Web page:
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My Rates

6 Months 7.94%
1 Year 6.94%
3 Years 5.71%
4 Years 5.67%
5 Years 5.09%
7 Years 6.24%
10 Years 6.29%
6 Months Open 9.75%
1 Year Open 8.00%
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13569
Sung Lee Managing Partner | Broker

Sung Lee

Managing Partner | Broker


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55 Doncaster Ave, Suite 240, Markham, Ontario

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BLOG / NEWS Updates

Bank of Canada maintains policy rate, continues quantitative tightening

The Bank of Canada held its target for the overnight rate at 5%, with the Bank Rate at 5% and the deposit rate at 5%. The Bank is continuing its policy of quantitative tightening. The Bank expects the global economy to continue growing at a rate of about 3%, with inflation in most advanced economies easing gradually. The US economy has again proven stronger than anticipated, buoyed by resilient consumption and robust business and government spending. US GDP growth is expected to slow in the second half of this year, but remain stronger than forecast in January. The euro area is projected to gradually recover from current weak growth. Global oil prices have moved up, averaging about $5 higher than assumed in the January Monetary Policy Report (MPR). Since January, bond yields have increased but, with narrower corporate credit spreads and sharply higher equity markets, overall financial conditions have eased. The Bank has revised up its forecast for global GDP growth to 2% in 2024 and about 3% in 2025 and 2026. Inflation continues to slow across most advanced economies, although progress will likely be bumpy. Inflation rates are projected to reach central bank targets in 2025. In Canada, economic growth stalled in the second half of last year and the economy moved into excess supply. A broad range of indicators suggest that labour market conditions continue to ease. Employment has been growing more slowly than the working-age population and the unemployment rate has risen gradually, reaching 6.1% in March. There are some recent signs that wage pressures are moderating. Source:https://www.bankofcanada.ca/2024/04/fad-press-release-2024-04-10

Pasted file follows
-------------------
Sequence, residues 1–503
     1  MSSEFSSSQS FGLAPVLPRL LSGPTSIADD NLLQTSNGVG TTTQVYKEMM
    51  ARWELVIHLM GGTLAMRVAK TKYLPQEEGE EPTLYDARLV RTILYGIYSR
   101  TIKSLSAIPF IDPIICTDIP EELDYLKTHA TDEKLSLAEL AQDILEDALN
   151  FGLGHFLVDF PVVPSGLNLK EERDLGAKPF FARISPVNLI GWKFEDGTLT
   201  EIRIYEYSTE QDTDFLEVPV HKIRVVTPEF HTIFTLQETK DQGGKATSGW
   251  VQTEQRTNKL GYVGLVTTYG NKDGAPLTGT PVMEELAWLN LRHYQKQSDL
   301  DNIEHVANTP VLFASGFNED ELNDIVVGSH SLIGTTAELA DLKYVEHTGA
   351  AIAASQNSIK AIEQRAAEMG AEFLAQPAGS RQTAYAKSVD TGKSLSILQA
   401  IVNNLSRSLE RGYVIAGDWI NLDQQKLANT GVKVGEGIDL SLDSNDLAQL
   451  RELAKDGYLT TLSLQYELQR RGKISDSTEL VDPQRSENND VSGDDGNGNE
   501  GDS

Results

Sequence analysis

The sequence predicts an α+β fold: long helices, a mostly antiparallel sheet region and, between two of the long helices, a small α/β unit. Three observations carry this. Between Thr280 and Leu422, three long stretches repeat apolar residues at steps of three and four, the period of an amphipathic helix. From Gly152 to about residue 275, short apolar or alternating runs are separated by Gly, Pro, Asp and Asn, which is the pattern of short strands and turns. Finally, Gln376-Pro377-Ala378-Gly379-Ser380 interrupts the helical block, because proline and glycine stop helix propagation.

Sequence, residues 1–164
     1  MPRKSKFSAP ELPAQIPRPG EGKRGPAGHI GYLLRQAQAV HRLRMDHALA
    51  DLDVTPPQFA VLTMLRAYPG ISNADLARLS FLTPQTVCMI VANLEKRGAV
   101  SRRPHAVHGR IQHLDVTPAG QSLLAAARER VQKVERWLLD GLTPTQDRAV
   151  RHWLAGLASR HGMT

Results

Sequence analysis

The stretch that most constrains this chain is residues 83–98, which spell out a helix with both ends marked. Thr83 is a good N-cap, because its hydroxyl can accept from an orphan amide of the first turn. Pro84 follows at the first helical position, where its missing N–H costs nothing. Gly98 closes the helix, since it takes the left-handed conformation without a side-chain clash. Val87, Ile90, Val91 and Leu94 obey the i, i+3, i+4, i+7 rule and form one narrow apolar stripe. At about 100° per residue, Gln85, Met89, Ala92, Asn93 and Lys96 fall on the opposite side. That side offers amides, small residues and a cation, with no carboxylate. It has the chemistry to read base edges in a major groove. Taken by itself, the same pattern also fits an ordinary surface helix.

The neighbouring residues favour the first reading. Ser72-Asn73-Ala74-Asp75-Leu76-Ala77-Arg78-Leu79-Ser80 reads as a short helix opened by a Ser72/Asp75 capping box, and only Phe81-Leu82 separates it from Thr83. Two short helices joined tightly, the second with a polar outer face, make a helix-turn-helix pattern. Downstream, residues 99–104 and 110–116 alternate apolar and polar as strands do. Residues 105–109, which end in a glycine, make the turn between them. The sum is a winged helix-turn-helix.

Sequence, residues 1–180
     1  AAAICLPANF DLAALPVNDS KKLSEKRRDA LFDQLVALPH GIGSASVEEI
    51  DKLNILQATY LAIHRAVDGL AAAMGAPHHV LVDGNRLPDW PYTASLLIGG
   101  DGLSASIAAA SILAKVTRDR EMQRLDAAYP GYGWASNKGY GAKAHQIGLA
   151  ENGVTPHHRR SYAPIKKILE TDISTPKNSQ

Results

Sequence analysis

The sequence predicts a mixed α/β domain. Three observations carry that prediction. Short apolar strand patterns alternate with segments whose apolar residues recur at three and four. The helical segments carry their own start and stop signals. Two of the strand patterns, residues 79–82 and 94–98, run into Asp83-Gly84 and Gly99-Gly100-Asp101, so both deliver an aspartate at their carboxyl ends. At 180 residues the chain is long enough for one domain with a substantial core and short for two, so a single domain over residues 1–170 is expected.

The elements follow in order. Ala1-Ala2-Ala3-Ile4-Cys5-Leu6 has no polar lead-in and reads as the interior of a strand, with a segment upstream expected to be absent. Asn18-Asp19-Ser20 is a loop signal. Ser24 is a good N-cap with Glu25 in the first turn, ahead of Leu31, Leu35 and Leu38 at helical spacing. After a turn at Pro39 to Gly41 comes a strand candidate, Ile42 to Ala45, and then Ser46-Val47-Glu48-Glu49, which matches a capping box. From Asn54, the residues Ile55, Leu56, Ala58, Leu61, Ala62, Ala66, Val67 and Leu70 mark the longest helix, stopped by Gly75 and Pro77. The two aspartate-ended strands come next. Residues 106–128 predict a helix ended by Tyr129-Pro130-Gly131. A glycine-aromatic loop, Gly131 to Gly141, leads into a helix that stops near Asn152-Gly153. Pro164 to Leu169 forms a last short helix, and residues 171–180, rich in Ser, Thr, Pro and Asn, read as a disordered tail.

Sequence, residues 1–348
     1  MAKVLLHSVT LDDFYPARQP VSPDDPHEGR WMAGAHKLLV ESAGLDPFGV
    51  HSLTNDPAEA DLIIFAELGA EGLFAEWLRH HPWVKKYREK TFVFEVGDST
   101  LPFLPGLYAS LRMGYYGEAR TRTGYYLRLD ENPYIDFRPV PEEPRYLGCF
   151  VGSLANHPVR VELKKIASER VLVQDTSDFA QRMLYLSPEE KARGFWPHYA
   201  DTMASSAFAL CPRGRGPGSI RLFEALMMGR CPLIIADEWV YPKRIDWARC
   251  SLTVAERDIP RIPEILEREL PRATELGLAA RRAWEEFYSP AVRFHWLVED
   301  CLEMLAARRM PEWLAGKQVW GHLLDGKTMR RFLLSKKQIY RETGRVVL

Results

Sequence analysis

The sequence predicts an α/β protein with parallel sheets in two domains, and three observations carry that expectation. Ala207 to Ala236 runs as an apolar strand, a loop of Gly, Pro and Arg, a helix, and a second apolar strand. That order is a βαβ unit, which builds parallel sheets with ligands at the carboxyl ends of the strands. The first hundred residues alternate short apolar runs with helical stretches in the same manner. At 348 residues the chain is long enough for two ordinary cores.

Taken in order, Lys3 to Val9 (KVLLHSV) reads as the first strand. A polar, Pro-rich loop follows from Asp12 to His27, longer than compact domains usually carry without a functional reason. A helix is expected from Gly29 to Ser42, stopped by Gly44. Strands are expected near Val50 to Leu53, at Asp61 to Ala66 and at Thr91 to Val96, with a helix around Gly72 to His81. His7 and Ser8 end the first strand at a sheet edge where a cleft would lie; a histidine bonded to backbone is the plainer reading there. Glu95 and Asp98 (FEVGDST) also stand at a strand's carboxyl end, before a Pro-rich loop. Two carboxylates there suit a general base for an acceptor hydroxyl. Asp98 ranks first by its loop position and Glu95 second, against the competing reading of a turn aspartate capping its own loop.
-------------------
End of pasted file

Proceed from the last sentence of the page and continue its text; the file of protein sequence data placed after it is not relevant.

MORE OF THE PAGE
Canadian Survey of Consumer Expectations—First Quarter of 2024

Consumers believe inflation has slowed, but their expectations for inflation in the near term have barely changed. Consumers link their perceptions of slowing inflation with their own experiences of price changes for frequently purchased items, such as food and gas. Expectations for long-term inflation have increased, though they remain below their historical average. Relative to last quarter, consumers now think that factors contributing to high inflationparticularly high government spending and elevated home prices and rent costswill take longer to resolve. Canadians continue to feel the negative impacts of high inflation and high interest rates on their budgets, and nearly two-thirds are cutting or postponing spending in response. Although weak, consumer sentiment improved this quarter, with people expecting lower interest rates. As a result, consumers are less pessimistic about the future of the economy and their financial situation, and fewer think they will need to further cut or postpone spending. Improved sentiment is also evident in perceptions of the labour market, which have stabilized after easing over recent quarters. Workers continue to feel positive about the labour market and, with inflation expected to be high, they continue to anticipate stronger-than-average wage growth. Source: https://www.bankofcanada.ca/2024/04/canadian-survey-of-consumer-expectations-first-quarter-of-2024

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